Leaf Type: Pu-erh
Where to Buy: Teavivre
This Palace Pu’er Tea (Gong Ting 宫廷普洱) carefully selected by Teavivre is produced in Mengku, Lincang, which is a representative producing area of Yunnan pu’er tea and one of the famous five tea-producing areas in Yunnan.
The pure flavor, the mellow taste, the exposed gold coins make this kind of high-quality tea deserve to be appreciated carefully.
Learn more about this tea here.
As I’ve said before (more than once), I’ve not always been so fond of Pu-erh. I think my taste buds have not only matured, but, also that I’ve learned more about the best way to brew teas including Pu-erh and this really has made a huge difference in how I’ve come to enjoy it.
But even so, Pu-erh still sometimes scare me, especially when they come off smelling very earthy. And that is just what this tea did. When I opened the pouch, I didn’t notice it quite as much as just after I brewed it. When I poured it from my gaiwan, I really noticed a strong, earthy smell – it smelled of earth, reminiscent of peat, and also slightly of leather and wood.
I took a very apprehensive sip, but was so pleased to discover that this tastes less of earth than the aroma had lead me to believe. Instead, this tastes sweet and remarkably smooth. No bitterness or astringency at all. It has a buttery sweetness – not so much like a buttery note that you might experience with a green tea or an Oolong, but more of the buttery taste in butter toffee or browned butter that’s been poured over the crust of a freshly baked loaf of bread.
It has an earthy flavor too, of course, but, it isn’t as prominent as I expected it to be. It is very mellow tasting, and the flavor seems to improve with each subsequent infusion, so do take the time to explore this tea thoroughly!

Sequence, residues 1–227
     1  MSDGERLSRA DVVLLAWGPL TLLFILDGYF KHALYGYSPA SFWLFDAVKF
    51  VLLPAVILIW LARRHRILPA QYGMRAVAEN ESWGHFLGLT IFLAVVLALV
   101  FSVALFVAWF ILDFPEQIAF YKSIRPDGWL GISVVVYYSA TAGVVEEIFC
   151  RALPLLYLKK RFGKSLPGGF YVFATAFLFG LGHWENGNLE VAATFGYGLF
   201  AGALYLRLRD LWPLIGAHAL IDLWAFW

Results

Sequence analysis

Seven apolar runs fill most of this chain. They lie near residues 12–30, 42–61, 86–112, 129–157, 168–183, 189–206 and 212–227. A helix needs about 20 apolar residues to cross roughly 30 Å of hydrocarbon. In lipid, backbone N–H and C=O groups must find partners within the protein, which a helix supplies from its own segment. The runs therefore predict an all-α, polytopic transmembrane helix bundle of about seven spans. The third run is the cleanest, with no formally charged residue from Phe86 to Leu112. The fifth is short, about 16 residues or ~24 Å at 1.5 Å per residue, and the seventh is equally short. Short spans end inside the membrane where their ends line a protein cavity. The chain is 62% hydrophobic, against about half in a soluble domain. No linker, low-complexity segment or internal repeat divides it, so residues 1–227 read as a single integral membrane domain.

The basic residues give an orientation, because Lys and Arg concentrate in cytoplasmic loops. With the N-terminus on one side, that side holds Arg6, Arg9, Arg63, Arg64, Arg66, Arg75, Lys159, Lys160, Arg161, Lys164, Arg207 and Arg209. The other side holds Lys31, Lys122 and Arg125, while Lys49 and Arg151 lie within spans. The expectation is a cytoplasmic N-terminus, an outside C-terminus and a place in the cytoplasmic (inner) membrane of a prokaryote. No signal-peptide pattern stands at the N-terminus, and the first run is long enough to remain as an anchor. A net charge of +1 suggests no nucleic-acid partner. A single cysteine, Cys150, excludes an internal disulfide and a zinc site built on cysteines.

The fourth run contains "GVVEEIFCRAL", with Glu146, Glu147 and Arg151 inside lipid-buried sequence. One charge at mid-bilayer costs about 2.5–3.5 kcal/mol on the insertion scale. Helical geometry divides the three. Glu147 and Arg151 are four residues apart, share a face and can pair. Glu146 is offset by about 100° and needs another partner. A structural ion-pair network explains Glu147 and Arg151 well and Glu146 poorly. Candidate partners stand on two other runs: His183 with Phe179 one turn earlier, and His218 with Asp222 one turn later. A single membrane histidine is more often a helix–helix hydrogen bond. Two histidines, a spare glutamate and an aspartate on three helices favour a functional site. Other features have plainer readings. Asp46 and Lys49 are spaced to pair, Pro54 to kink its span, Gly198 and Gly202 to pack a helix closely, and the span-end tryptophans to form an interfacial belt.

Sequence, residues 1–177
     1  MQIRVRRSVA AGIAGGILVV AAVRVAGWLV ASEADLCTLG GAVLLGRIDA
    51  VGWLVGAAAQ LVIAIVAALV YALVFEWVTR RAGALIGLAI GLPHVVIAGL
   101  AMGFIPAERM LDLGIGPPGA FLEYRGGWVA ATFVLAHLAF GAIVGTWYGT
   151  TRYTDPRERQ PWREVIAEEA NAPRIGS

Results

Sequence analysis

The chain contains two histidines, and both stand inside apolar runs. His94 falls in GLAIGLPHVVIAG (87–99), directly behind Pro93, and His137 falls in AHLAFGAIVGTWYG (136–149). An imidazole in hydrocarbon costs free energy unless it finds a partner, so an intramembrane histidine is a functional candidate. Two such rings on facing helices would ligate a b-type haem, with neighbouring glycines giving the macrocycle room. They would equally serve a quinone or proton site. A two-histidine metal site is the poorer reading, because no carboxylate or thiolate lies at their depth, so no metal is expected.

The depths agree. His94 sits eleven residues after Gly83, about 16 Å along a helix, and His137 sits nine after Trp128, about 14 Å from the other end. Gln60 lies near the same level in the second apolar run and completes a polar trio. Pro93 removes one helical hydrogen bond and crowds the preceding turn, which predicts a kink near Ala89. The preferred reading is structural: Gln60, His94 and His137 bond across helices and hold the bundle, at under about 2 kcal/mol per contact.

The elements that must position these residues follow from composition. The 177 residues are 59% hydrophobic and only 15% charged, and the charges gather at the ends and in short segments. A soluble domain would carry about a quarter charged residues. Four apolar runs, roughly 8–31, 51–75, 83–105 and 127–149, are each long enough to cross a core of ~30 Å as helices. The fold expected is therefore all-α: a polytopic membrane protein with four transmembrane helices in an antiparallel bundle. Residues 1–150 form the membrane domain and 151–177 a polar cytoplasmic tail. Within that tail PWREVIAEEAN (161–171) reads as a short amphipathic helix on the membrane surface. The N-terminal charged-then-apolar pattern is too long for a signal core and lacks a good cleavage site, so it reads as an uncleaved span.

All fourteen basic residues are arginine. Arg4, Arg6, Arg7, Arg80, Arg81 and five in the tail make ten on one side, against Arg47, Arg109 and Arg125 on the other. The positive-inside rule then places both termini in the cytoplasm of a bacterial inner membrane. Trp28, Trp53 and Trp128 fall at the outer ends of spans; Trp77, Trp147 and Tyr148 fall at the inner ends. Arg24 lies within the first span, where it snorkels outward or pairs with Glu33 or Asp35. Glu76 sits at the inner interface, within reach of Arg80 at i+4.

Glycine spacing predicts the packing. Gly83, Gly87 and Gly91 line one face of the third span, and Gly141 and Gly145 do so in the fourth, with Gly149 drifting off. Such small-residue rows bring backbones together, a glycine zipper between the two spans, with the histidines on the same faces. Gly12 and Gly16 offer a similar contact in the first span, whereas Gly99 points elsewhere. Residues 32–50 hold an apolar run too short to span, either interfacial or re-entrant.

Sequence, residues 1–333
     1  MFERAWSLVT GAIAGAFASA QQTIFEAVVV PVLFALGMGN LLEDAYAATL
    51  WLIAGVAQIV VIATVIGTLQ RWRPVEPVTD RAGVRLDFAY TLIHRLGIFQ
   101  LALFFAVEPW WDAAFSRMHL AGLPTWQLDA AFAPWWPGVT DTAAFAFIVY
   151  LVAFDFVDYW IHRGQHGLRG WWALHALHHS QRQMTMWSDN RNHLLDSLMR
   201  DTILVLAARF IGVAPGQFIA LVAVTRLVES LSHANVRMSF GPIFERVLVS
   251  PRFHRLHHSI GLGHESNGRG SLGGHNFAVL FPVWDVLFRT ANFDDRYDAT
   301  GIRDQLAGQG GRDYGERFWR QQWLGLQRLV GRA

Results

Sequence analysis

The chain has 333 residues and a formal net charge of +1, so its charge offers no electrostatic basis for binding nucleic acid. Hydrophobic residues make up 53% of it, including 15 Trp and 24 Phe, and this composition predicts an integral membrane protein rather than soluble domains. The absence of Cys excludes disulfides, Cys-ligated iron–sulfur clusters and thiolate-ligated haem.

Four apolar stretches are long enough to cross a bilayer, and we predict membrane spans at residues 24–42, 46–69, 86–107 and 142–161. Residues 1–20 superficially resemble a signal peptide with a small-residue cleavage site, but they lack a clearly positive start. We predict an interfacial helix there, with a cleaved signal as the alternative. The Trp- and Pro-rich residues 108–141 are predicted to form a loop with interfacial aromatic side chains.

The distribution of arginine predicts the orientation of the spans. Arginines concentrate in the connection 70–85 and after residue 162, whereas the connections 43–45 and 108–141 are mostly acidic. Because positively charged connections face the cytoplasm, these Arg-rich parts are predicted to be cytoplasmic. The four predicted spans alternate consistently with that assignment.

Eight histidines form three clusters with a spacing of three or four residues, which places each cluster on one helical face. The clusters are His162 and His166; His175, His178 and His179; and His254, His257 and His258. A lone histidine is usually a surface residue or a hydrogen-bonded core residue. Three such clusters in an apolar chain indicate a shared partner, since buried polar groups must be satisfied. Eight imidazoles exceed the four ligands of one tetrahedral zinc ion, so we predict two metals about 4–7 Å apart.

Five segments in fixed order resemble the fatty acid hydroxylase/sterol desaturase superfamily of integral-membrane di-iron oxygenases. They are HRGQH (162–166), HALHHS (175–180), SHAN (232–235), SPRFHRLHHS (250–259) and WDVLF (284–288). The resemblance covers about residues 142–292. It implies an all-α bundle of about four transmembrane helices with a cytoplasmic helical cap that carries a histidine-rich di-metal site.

A really amazing Pu-erh. And after a visit to Teavivre’s website, I noticed that this particular tea is 10% off through July 15! Time to stock up on this, you’ll be glad you did.
2 thoughts on “Mengku Palace Ripened Golden Buds Pu-erh (2007) from Teavivre”
I have to say that the “earthy” flavor, and musty smell is what often puts me off Puer too. I had some Puer yesterday, by a different company, and the first thing I thought when I sniffed it, was “oh, mouldy wood.” Even though it tasted quite nice, I didn’t want a second cup.
I keep on thinking, I’m sure I’ll soon get to like this kind of tea. But I”m still waiting. Anyway, just my humble opinion, which can be happily disregarded. Teavivre’s offer at 10% off sounds interesting.
Yes I know exactly what you’re saying about Puerh, it was very difficult for me to get past that strong scent… much less be able to take a sip. My olfactory nerves tend to be extremely sensitive (I inherited my gramma’s olfactory nerves who could smell something foul a mile away!) and it took a lot for me to get past strong smells like Lapsang Souchong and Puerh to be able to even raise the cup to my lips to sip it.
But, all that being said, I think one thing that helped, at least in Puerh’s case, is the fact that I’ve realized the best way to brew it. By steeping in a gaiwan, I can easily perform a “rinse” or reawakening (or two if necessary), which really helps with the aroma of the cupped tea. Also, since the steep time is short, the flavors don’t become so concentrated, which also helps.
Since “rediscovering” my gaiwan, I’ve realized that Puerh can be very enjoyable, but, it is still not my favorite. For the longest time, I disregarded the gaiwan as a “gadget” – and I am really opposed to most “tea time” gadgets because tea time should be as simple as possible in my opinion and gadgets take away from that. I’m of the belief that sometimes the simpler we try to make our lives, the more complicated they become. But, the gaiwan is no longer a gadget, it has become an essential tool for my tea making, and I use it on a daily basis now.